Reye’s syndrome

30/05/2009

Reye’s syndrome is a disease characterized by:

  1. vomiting
  2. encephalopathy (disease of the brain)
  3. mental impairment
  4. personality changes
  5. deterioration of consciousness
  6. irritability, delirium and coma may accompany mental deterioration
  7. fatty degeneration of the liver

The disease usually presents after infection with varicella or influenza virus. Studies have demonstrated a strong epidemiologic association between the ingestion of aspirin during antecedent varicella or influenza-like illnesses and the subsequent development of Reye’s syndrome. The vast majority of cases present in children.

Diagnosis:

metabolic tests for:

  • hyperammonemia
  • elevated levels of alanine aminotransferase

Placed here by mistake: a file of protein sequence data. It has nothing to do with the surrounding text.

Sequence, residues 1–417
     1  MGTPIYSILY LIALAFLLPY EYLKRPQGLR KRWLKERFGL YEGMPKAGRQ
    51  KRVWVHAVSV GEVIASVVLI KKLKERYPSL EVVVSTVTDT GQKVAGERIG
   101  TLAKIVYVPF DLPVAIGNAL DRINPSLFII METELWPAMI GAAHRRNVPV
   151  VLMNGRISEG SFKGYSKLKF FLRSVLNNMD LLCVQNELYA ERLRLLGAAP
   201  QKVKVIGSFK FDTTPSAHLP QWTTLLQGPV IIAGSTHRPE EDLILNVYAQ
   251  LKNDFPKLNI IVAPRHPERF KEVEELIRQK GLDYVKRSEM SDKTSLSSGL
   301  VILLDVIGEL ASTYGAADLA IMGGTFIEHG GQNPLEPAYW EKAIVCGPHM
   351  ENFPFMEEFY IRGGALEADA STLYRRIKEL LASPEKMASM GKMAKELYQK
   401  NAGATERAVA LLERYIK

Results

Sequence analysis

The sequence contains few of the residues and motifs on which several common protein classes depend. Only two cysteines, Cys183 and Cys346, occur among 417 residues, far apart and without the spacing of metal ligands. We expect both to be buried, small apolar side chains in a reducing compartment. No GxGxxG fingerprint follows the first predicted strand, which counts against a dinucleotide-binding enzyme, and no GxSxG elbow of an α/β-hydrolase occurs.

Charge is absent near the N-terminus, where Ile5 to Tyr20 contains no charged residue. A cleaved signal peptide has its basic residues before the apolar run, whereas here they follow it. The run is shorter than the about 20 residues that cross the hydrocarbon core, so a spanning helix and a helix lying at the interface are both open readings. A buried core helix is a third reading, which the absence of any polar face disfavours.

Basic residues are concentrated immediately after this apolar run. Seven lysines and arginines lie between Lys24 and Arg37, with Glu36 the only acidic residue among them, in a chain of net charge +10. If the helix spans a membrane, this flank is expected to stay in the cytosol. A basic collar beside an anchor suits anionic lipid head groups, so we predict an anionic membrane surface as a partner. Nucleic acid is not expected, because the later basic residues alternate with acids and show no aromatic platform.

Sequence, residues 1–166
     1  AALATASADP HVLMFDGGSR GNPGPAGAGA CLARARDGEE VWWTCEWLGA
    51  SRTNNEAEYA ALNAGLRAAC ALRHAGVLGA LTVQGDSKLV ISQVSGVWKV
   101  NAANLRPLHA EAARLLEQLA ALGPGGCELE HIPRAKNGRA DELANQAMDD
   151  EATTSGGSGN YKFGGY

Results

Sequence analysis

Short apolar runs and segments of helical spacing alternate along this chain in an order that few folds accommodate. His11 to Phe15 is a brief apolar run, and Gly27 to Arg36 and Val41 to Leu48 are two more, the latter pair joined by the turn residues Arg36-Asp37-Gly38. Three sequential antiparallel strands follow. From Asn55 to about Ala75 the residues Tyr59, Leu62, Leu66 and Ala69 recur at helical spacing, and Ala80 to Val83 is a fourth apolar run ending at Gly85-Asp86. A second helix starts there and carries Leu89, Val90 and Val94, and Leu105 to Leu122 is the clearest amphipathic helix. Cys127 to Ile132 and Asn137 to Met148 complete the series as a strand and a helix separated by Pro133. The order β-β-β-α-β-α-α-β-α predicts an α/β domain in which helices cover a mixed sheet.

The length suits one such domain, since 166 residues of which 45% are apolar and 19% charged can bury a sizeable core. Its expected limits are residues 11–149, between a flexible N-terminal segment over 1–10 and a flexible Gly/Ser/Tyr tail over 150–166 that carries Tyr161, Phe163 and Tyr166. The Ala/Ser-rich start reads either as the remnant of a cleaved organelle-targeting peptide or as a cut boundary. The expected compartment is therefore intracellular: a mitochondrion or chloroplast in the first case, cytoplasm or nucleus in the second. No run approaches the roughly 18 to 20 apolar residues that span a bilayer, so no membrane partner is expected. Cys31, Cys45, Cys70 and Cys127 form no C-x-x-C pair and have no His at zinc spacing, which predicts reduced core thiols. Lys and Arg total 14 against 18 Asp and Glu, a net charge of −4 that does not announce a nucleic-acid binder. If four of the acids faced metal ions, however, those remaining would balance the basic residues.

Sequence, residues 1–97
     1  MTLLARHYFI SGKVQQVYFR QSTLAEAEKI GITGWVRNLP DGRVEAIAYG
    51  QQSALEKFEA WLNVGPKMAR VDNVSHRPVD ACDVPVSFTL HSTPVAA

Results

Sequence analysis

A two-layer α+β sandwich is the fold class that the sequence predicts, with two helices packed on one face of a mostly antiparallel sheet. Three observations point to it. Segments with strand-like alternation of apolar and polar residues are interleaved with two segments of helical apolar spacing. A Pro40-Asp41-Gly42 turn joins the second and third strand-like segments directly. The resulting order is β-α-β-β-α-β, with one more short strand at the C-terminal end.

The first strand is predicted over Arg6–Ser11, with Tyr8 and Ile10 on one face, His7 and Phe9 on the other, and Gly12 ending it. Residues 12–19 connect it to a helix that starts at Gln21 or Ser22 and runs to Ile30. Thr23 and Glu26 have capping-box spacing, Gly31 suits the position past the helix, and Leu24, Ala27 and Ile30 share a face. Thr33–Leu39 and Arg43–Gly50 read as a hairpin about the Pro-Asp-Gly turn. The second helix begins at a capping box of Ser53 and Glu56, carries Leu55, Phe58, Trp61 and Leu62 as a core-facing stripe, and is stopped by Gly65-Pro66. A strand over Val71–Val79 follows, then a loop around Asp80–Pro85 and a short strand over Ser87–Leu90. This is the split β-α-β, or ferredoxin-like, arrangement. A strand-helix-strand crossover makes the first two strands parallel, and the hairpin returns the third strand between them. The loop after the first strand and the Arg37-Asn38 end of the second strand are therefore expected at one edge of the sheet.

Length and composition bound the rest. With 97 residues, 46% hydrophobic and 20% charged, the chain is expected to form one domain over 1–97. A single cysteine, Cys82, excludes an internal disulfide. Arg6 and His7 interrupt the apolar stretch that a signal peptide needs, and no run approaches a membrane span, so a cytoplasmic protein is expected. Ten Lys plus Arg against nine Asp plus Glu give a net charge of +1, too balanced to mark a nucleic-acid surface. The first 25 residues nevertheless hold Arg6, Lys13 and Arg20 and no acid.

• aspartate aminotransferase

distinguishing test:

  • an electron micrograph
  • ultrastructural changes in liver tissue
  • specifically the proliferation of smooth endoplasmic reticulum and peroxisomes 
  • the presence of enlarged and pleomorphic mitochondria with loss of dense granules

Prognosis:

  • Reye’s syndrome is potentially fatal
  • The recovery of adults with the syndrome is generally complete, with liver and brain function returning to normal within two weeks of the illness
  • In children, mild to severe permanent brain damage is possible, especially in infants

Belay,

Ermias D., Bresee,Joseph S., Holman, Robert C, Khan, Ali S., Shahriari, Abtin, and Schonberger, Lawrence B. 1999. Reye’s Syndrome in the United States from 1981 through 1997. New England Journal of Medicine. 340 (18) :1377-1382.